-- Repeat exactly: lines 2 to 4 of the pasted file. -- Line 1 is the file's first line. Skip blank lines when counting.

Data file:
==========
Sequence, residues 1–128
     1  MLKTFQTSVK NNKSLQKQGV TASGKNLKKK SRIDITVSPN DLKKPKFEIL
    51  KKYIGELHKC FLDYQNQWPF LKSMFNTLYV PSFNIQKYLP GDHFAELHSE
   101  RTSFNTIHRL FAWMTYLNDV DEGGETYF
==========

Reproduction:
     1  MLKTFQTSVK NNKSLQKQGV TASGKNLKKK SRIDITVSPN DLKKPKFEIL
    51  KKYIGELHKC FLDYQNQWPF LKSMFNTLYV PSFNIQKYLP GDHFAELHSE
   101  RTSFNTIHRL FAWMTYLNDV DEGGETYF